Several old teahouses are open to the public. The Ochaya Shima (お茶屋志摩) is the most traditional, while opposite is Kaikarō (懐華樓), decorated in a more modern style, including an unusual Zen rock garden made entirely of broken chunks of glass and a tearoom with gilded tatami mats. At both you can take tea (without geisha, unfortunately) for a small extra fee. Tea is also part of the deal at the venerable Shamisen-no-Fukushima (三味線の福島), where you can learn to pluck the Japanese stringed instrument, the shamisen. Walk off all that tea by exploring the scores of temples nestling at the foot of Utatsuyama in the north area of Higashi Chaya.
On the south side of the Asanagawa bridge is the smaller, but equally scenic Kazue-machi Chaya geisha district; there’s a teahouse you can stay in here. Five minutes’ walk south of here is the Ōhi Museum (大樋美術館), displaying and selling exquisite examples of amber-glazed pottery refined over four centuries for the urasenke style of tea ceremony.
Nishi Chaya and Myoryu-ji
Nishi Chaya and Myoryu-ji
The third of Kanazawa’s pretty geisha districts, Nishi Chaya, is on the south side of the Sai-gawa, ten minutes’ walk from the distinctive iron bridge Sai-gawa Ohashi. It’s less commercial than Higashi Chaya – to see inside the beautifully decorated teahouse Hana-no-Yado (華の宿) you need only buy a coffee or macha.
Five minutes’ walk east of Nishi Chaya, in the temple-packed Teramachi (寺町) district, you’ll find Myōryū-ji (妙立寺), also known as Ninja-dera. Completed in 1643 and belonging to the Nichiren sect of Buddhism, this temple is associated with the Ninja assassins because of its many secret passages, trick doors and concealed chambers, including a lookout tower that once commanded a sweeping view of the surrounding mountains and coast. It’s necessary to book a tour to look around the temple, however the guides barely make an effort, so don’t make this a priority.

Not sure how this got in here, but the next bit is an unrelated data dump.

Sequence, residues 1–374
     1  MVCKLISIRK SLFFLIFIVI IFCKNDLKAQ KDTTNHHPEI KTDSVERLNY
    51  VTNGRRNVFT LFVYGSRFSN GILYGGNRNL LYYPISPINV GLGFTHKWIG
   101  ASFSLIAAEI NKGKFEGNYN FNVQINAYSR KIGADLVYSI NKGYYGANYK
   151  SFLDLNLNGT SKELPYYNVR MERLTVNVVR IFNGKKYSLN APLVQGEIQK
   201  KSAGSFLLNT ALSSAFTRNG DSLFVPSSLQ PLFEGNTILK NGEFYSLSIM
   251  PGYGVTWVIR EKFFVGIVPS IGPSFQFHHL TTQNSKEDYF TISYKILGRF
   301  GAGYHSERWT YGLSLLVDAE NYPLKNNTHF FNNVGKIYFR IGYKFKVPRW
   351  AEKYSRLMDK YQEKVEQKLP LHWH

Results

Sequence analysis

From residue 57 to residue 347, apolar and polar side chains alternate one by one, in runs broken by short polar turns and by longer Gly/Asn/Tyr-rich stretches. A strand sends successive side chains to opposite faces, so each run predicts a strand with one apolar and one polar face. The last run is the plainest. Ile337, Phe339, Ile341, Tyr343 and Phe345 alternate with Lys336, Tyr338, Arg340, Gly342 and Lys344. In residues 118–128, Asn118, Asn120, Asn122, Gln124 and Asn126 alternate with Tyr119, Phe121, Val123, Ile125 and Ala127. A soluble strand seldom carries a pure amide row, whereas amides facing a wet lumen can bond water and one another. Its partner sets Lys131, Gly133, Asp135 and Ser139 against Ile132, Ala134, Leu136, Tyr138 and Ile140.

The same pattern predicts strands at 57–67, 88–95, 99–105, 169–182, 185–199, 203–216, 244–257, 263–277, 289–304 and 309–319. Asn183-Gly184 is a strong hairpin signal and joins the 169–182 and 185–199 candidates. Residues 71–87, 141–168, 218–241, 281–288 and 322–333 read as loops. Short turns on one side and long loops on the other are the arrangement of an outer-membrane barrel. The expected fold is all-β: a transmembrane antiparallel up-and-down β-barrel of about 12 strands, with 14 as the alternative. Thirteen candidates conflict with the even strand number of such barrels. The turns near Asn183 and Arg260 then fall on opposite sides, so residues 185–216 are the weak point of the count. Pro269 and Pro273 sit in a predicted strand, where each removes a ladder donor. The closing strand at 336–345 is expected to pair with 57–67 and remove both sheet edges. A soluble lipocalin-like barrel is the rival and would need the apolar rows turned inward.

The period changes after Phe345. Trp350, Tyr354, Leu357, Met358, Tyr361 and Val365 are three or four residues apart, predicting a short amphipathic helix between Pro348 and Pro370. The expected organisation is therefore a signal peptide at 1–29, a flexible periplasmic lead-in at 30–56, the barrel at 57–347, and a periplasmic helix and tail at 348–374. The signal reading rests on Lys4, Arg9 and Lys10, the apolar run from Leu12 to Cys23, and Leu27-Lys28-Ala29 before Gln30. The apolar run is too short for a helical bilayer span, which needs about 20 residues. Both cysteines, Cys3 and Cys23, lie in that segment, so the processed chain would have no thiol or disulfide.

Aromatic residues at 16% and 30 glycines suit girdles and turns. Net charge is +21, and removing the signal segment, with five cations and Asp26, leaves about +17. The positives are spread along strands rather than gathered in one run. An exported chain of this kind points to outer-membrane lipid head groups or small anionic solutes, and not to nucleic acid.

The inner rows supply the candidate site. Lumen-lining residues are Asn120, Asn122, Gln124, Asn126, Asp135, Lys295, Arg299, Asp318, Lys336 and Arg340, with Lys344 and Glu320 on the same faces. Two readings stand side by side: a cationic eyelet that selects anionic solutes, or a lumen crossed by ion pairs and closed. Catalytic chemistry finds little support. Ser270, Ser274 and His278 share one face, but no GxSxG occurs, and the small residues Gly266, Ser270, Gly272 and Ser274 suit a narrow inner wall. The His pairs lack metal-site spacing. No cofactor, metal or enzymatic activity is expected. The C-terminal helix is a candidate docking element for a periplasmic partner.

Should you hunger for further cultural enrichment, Kanazawa has many more museums, several of which are clustered around Kenroku-en. The best is the informative Ishikawa Prefectural Museum for Traditional Products and Crafts, or Ishikawa-kenritsu Dentō-Sangyō Kōgeikan (石川県立伝統産業工芸館), displaying prime contemporary examples of Kanazawa’s rich artistic heritage, including lacquerware, dyed silk, pottery, musical instruments and fireworks. None of the articles is for sale but all have a price tag, so if you take a fancy to one of the gold leaf and lacquer Buddhist family altars, for example, you’ll know that it costs ¥4.5 million.
The Ishikawa Prefectural History Museum, or Ishikawa-kenritsu Rekishi Hakubutsukan (石川県立歴史博物館), housed in striking red-brick army barracks buildings dating from 1910, has displays including a detailed miniature reconstruction of a samurai parade, a grainy black-and-white film of Kanazawa from the early twentieth century, and a reconstruction of a silk-spinning factory.
On the other side of the neighbouring Honda Museum, the Ishikawa Prefectural Museum of Art, or Ishikawa-kenritsu Bijutsukan (石川県立美術館), has beautiful examples of calligraphy, kimono, pottery, lacquerware and other relics of the Maeda clan, displayed along with a more eclectic collection of contemporary local art. There are usually special exhibitions held here, which cost extra.
Jutting out like a gnarled finger into the Sea of Japan is the Noto Hantō (能登半島), the name of which is said to derive from an Ainu word, nopo, meaning “set apart”. The peninsula’s rural way of life, tied to agriculture and fishery, is certainly worlds away from fast-paced, urban Japan – there’s little public transport here so the area is best explored by car or bicycle. The rugged and windswept west coast has the bulk of what constitutes the Noto Hantō’s low-key attractions, while the calmer, indented east coast harbours several sleepy fishing villages, where only the lapping of waves and the phut-phut of boat engines breaks the silence.
The West Coast